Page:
Dissection of a Vase
What is this about?
A Mathematical Droodle
The applet is intended to help raise and answer a question about a shape (that might remind one of a vase) whose border consists of six quarter circles drawn with the same radius:
Given the radius, say R, of the arcs, what is the area of the vase?
The top of the vase if complemented by four circular sectors with central angle of 90°
becomes a square of the side equal to the diameter of the arcs and circles, i.e., 2R.
One of the sectors (the lowest) is already inside the intended square; the other three find there locations by dragging the scroll bar and come from the remaining three quarters of a circular part of the vase. It follows that - by dissection - the area of the vase equals that of the square.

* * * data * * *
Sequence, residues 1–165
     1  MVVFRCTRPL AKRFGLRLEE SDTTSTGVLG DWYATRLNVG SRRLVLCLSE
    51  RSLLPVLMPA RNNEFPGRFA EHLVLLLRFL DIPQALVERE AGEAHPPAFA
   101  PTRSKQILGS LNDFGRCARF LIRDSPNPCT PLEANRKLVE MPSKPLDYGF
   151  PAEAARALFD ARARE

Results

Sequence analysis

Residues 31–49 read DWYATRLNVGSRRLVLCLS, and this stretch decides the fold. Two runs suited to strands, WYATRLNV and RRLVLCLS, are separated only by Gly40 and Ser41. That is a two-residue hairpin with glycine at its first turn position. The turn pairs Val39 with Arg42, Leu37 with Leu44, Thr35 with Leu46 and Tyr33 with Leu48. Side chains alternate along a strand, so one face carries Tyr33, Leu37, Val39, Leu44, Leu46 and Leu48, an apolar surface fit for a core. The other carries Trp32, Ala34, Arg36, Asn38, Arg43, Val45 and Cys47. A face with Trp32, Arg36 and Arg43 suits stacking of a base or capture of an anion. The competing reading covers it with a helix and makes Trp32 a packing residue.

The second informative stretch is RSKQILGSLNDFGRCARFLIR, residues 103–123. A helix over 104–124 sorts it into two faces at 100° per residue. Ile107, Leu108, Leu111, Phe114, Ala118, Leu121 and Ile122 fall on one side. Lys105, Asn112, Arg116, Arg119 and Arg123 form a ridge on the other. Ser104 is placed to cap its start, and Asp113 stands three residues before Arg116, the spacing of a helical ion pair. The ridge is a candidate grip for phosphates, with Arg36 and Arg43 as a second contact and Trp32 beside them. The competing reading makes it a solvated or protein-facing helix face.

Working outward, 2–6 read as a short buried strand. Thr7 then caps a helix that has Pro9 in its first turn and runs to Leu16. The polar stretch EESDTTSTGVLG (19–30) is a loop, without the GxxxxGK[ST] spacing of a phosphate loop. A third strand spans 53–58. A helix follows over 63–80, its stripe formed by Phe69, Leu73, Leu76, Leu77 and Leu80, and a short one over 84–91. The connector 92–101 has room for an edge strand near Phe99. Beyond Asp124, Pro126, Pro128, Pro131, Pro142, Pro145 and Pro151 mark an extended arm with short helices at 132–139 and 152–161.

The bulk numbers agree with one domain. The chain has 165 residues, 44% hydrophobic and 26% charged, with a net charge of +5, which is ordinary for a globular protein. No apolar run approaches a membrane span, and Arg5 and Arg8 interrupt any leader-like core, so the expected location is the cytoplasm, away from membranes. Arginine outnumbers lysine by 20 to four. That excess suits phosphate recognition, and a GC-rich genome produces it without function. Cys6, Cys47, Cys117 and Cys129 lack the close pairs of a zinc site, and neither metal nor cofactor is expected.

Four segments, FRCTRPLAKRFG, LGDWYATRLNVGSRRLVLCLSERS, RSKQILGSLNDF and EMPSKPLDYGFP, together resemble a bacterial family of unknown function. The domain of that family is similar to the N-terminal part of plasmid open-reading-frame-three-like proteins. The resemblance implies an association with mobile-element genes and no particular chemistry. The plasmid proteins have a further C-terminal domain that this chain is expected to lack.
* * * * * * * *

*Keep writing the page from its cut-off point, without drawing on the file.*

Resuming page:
- I. Moskovich, Leonardo's Mirror and Other Puzzles, Dover, 2011
Equidecomposition by Dissiection
- Carpet With a Hole
- Equidecomposition of a Rectangle and a Square
- Equidecomposition of Two Parallelograms
- Equidecomposition of Two Rectangles
- Equidecomposition of a Triangle and a Rectangle
- Equidecomposition of a Triangle and a Rectangle II
- Two Symmetric Triangles Are Directly Equidecomposable
- Wallace-Bolyai-Gerwien Theorem
- Perigal's Proof of the Pythagorean Theorem
- A Proof Perigal and All Others After Him Missed
- Dissection of a Vase
- Curvy Dissection